Steve Jobs: Post-PC Era Coming

Apple’s Steve Jobs says the personal computer is soon to be a relic of a bygone age:

RANCHO PALOS VERDES, Calif.–At the D8 conference here, Steve Jobs didn’t whip out the newest iPhone or tell us which category will be next to get an “i” before it, but his words offered a glimpse of where the iconic CEO thinks the industry is headed.

Speaking for an hour and a half at the D: All Things Digital confab, Jobs said the day is coming when only one out of every few people will need a traditional computer.

“When we were an agrarian nation, all cars were trucks because that’s what you needed on the farms.” Cars became more popular as cities rose, and things like power steering and automatic transmission became popular.

“PCs are going to be like trucks,” Jobs said. “They are still going to be around.” However, he said, only “one out of x people will need them.”

Jobs said advances in chips and software will allow tablet devices like the iPad to do tasks that today are really only suited for a traditional computer, things like video editing and graphic arts work.

The move, Jobs said, will make many PC veterans uneasy, “because the PC has taken us a long ways.”

“We like to talk about the post-PC era, but when it really starts to happen, it’s uncomfortable,” he said.

Jobs noted that people still laugh at him when he talks about the iPad as magical, and he tried to put that feeling into more concrete terms. “You have a much more direct and intimate relationship with the Internet and media and apps and your content,” Jobs said. “It’s like some intermediate thing has been removed and stripped away. Like that Claritin commercial where they strip away the film–it’s like that.”

While I’m still a PC guy and likely to be for some time, this strikes me as right.  Really, while I do word processing and whatnot, even on my multiple PCs, I’m mostly working on the cloud.   The only reason I use a desktop is because I prefer a big keyboard and large, dual monitors, not because I really need a lot of capability that an iPad type device couldn’t provide.

What drew me to to write about this piece, though, is Jobs’ strange assertion about the history of the automobile.    The first cars were glorified carriages, replacing the horse and buggy for a wealthy elite.  Not only were they unsuited for driving on the unimproved roads of a farm, they didn’t have the horsepower to carry a load.   Trucks came along well down the line and never held a larger market share than cars.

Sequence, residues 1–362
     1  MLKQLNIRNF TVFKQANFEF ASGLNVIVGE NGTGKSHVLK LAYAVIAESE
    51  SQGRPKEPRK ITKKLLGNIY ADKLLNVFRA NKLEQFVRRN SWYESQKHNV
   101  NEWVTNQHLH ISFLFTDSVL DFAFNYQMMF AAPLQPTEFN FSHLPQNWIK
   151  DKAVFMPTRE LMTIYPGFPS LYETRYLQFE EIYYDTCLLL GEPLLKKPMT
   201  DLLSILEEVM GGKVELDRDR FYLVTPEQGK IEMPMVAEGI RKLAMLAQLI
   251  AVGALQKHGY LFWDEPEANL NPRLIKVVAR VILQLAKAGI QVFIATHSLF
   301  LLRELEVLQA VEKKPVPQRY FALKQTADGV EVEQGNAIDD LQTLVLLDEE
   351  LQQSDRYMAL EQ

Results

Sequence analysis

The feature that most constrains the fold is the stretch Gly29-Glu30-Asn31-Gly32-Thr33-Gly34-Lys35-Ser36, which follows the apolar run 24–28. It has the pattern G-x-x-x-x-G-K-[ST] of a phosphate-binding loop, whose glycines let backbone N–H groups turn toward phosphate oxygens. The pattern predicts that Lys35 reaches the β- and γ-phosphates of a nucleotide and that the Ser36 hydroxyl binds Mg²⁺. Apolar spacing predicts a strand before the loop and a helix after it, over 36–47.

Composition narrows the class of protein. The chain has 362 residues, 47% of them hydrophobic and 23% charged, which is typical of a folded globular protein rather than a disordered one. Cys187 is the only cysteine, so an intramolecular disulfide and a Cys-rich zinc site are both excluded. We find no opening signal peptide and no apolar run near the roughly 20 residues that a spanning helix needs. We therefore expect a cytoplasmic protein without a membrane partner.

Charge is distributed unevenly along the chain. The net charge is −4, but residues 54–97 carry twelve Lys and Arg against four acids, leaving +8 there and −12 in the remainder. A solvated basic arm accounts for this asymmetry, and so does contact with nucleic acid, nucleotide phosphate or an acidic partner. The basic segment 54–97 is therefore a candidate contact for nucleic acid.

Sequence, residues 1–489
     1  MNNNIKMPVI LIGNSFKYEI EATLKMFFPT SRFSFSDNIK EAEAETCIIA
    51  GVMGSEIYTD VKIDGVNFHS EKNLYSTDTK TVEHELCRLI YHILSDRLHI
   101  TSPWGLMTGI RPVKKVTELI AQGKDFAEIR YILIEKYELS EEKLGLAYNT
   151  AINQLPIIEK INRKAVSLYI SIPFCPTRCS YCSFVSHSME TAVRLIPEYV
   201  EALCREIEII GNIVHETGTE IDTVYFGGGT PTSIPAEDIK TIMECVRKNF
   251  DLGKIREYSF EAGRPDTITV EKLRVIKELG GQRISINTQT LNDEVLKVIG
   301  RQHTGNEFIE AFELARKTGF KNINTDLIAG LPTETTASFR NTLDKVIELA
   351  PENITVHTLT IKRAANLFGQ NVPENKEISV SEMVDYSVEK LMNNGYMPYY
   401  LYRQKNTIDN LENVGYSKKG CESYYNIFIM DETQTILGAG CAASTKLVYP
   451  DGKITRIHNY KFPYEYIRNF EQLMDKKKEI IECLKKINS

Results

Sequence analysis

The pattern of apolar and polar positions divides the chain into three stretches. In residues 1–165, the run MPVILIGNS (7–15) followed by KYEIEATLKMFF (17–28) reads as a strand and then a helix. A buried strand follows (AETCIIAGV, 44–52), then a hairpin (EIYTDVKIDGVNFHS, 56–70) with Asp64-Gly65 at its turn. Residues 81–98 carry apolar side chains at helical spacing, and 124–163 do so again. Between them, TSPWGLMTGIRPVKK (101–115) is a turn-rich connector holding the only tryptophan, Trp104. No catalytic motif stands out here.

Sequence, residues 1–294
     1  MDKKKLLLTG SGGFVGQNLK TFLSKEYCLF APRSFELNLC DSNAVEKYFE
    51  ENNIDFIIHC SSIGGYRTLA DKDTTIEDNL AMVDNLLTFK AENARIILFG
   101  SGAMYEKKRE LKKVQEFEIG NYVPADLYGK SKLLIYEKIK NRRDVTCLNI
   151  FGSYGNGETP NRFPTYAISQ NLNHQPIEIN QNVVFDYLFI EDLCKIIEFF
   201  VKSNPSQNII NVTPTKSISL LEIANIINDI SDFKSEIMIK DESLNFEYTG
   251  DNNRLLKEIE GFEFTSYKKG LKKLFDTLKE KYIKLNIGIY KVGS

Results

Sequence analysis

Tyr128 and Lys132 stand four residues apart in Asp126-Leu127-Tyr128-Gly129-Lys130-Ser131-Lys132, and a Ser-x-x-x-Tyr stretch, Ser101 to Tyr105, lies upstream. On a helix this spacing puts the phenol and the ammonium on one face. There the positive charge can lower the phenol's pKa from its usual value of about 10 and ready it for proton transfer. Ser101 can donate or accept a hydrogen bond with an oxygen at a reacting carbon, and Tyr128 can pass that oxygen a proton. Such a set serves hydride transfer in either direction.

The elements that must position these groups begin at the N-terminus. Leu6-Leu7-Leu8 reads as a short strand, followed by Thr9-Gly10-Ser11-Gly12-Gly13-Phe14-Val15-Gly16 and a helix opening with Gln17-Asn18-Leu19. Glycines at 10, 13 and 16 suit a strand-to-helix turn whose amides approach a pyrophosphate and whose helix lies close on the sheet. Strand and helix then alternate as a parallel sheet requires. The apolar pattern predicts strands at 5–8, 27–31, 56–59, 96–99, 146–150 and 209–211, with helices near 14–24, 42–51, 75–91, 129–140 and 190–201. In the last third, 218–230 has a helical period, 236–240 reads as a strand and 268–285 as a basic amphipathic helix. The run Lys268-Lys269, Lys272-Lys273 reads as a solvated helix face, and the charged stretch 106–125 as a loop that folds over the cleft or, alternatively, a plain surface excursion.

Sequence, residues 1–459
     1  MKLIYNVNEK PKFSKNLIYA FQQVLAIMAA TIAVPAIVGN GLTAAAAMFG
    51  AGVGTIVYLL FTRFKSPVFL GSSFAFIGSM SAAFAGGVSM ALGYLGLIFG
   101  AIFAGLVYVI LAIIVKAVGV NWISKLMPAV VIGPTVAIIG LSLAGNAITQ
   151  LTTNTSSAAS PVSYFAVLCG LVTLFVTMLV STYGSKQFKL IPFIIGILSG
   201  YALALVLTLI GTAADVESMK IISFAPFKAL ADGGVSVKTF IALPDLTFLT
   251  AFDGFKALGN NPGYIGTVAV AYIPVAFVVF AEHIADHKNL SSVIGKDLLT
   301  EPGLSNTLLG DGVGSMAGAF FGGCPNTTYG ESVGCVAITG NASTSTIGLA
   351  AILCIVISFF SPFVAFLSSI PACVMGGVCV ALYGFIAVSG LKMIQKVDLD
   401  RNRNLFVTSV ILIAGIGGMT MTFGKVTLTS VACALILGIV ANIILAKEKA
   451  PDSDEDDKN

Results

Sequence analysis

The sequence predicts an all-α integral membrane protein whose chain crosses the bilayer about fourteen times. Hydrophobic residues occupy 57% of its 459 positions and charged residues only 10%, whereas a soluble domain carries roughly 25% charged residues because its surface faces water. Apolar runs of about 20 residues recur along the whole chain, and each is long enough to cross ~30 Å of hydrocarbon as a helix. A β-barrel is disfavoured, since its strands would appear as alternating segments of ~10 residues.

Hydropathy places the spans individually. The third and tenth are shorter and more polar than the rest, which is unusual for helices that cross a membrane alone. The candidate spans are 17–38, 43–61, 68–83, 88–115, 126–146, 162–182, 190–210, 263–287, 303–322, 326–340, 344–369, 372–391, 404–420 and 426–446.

UPDATE: Kevin Drum had the same thought re: the trucks analogy and several helpful commenters suggest that Jobs was referring to the Ford Model T, the first mass market car, rather than the earlier vehicles available only to the elite.  This thesis is interesting and plausible except for the minor objection that the Model T was in no ways a truck, nor ever intended as a farm vehicle.

via KurzweilAI

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James Joyner
About James Joyner
James Joyner is a Security Studies professor at Marine Corps University's Command and Staff College and a nonresident senior fellow at the Scowcroft Center for Strategy and Security at the Atlantic Council. He's a former Army officer and Desert Storm vet. Views expressed here are his own. Follow James on Twitter @DrJJoyner.

Comments

  1. Dave Schuler says:

    Is Mr. Jobs confusing personal computers and Personal Computers? An iPad is a personal computer.

    If he’s predicting the end of Wintel dominance in personal computing, he may be right but that’s something that Apple has been saying for a couple of decades now.




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  2. john personna says:

    Jobs is conflating a few things on the computer side as well. There is a longstanding body of work on “ubiquitous computing,” which is all about devices being small, cheap, and everywhere.